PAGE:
Some have suggested that in the first-century church, women sat on one side of the room during church and men on the other. What Paul was really prohibiting, they say, is the disruption of the meeting when women would shout out questions to their husbands. How would you evaluate this suggestion? Absolutely nothing in the text of 1 Corinthians 14 suggests a physical separation between the men and the women. Further, there is no exegetical, archaeological, historical, or literary evidence that any early church ever separated the men from the women in their seating arrangements. Moreover, early church meetings were held in private Roman villas, not special buildings. Such a smaller setting would make a separation of the sexes impractical. Finally, Paul instructs all women to be silent, not just some supposedly unruly ones.
In the book of Proverbs, God’s wisdom is personified as a woman preacher who stands in the streets and warns men about their sin (Pr. 8:1-21). If God was against women preachers, why would he offer us this picture? First, the metaphorical woman preacher in Proverbs was not preaching in a church meeting! She was calling out in the streets. Women may freely exercise their prophetic and evangelistic gifts in ministry to the lost. Second, no one (man or woman) ever preached in a New Testament church meeting anyhow. New Testament preaching is exclusively associated with evangelism and occurred apart from assemblies of believers.
Isn’t the “women’s silence” issue just a dead-end street, a distraction from things that matter, and fertile field for division and every type of problem? Was the Holy Spirit mistaken to introduce such a “dead-end street” onto the pages of Holy Scripture? Certainly some things are in the Bible are more important than others. Even so, God meant for us to do something with 1 Corinthians 14:33-34. Who are we to argue with our Master over what He wants of us? Who are we to decide which of His commands we will obey and which we will disobey? Or which of his precepts are a “distraction”? When the church obeys her Lord, despite what worldly culture thinks, “division and every type of problem” are often the result. But are we seeking to please the Lord, or the world? Or ourselves? Perhaps the best answer to this question is the one Paul gave, “If he ignore this, he himself will be ignored” (14:38).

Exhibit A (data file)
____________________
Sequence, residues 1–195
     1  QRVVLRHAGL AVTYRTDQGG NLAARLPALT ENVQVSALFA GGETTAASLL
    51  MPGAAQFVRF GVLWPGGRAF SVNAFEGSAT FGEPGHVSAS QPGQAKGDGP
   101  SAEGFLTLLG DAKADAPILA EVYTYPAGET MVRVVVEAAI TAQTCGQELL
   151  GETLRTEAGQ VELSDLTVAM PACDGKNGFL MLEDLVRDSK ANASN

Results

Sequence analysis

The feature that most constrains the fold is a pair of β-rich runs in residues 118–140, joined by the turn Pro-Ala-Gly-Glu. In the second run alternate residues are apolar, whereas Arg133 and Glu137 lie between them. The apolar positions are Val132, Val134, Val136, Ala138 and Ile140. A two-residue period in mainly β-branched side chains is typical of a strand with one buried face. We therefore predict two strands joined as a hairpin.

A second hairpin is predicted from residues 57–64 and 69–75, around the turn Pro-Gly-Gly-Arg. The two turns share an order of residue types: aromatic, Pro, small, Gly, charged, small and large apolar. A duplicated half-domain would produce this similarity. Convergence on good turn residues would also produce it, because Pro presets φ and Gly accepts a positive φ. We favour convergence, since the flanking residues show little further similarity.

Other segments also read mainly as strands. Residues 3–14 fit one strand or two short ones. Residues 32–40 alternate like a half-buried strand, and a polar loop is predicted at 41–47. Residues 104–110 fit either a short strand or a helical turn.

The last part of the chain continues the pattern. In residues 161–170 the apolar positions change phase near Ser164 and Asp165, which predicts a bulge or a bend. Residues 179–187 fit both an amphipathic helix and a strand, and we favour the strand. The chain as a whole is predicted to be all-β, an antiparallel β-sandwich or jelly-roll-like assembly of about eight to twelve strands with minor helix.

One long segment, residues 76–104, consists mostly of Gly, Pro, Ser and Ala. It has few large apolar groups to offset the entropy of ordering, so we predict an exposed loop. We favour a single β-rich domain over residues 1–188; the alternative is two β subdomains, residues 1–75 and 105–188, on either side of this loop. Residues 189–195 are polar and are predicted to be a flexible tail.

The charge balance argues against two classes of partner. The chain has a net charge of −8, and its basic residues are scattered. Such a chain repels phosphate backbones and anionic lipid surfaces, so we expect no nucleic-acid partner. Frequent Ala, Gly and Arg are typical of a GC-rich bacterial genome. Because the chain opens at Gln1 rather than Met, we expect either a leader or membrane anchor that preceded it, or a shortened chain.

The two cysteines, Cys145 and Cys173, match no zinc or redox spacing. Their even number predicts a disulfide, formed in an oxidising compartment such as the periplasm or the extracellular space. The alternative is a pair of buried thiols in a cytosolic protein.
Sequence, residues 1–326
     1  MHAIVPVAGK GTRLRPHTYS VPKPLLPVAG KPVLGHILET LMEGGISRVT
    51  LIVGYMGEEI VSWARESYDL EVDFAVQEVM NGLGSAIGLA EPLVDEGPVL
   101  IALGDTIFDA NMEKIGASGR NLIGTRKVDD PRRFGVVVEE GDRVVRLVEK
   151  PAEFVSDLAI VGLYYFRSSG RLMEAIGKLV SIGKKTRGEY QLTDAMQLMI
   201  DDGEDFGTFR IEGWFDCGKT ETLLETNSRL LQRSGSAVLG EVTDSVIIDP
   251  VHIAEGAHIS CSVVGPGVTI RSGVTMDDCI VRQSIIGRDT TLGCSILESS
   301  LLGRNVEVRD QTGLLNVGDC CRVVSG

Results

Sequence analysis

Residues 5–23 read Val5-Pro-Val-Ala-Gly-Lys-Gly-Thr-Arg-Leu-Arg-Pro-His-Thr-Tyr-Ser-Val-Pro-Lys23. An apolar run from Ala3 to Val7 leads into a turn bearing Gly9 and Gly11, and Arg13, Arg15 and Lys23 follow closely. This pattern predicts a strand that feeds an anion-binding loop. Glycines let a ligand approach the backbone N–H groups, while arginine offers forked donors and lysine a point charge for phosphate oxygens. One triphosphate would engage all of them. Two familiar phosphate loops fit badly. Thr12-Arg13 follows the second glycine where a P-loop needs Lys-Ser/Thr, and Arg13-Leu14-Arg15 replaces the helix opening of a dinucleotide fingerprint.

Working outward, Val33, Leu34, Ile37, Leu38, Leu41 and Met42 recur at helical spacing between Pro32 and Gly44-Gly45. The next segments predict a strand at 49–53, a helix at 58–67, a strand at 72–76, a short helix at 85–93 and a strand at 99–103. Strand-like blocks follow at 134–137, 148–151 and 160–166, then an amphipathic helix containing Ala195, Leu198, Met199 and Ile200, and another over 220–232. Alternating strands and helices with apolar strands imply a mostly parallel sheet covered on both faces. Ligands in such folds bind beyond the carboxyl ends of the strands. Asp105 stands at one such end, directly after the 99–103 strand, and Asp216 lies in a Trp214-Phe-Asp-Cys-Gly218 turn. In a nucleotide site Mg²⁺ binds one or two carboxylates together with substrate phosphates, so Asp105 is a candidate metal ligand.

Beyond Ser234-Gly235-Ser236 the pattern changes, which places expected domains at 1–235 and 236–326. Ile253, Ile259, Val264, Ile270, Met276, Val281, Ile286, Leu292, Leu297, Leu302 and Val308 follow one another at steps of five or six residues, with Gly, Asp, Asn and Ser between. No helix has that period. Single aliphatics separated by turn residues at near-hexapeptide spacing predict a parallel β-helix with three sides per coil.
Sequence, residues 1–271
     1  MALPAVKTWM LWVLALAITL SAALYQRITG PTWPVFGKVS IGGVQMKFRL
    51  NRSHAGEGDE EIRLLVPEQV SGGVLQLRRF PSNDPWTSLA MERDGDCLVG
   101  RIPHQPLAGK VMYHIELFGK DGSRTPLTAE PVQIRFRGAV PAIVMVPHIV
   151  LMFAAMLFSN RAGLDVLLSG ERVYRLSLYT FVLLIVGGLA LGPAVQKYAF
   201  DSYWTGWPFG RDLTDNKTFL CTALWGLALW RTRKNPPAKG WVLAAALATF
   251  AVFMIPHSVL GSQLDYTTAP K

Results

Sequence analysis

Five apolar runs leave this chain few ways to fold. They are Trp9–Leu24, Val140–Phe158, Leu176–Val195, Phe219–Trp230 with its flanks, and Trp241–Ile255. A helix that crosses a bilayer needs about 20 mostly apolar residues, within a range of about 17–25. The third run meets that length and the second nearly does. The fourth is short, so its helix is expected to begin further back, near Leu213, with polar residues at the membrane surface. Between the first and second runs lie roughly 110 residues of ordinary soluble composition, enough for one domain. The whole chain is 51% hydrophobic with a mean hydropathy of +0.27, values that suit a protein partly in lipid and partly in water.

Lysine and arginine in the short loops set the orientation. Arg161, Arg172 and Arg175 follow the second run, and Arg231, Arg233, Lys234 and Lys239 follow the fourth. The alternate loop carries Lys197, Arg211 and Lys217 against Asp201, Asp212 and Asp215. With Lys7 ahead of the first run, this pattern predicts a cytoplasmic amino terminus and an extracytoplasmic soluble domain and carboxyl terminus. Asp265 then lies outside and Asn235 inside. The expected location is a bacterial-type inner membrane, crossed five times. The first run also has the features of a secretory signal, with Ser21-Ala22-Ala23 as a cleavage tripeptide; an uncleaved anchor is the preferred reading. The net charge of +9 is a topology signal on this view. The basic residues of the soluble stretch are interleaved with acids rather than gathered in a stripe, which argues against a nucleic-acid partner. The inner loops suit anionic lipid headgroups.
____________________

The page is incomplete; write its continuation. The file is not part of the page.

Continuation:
At what point in the life of a church should this inflammatory topic be introduced? This topic needs to be patiently taught, and in love. One really amazing aspect of 1 Corinthians is that it was given as spiritual baby food to make its recipients grow. And what a diet they were fed, women’s silence and all! Yet in 1 Corinthians we see the effectiveness of not babying them (Paul did not avoid the many difficult issues raised) in the happy results described in 2 Corinthians 7:8-16.